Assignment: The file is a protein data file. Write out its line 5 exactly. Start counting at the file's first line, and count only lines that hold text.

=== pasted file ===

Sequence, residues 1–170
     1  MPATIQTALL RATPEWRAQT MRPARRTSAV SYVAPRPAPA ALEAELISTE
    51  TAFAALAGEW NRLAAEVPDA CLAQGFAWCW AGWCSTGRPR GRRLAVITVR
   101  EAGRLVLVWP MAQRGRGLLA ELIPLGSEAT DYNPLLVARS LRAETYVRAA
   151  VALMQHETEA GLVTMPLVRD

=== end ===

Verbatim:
   151  VALMQHETEA GLVTMPLVRD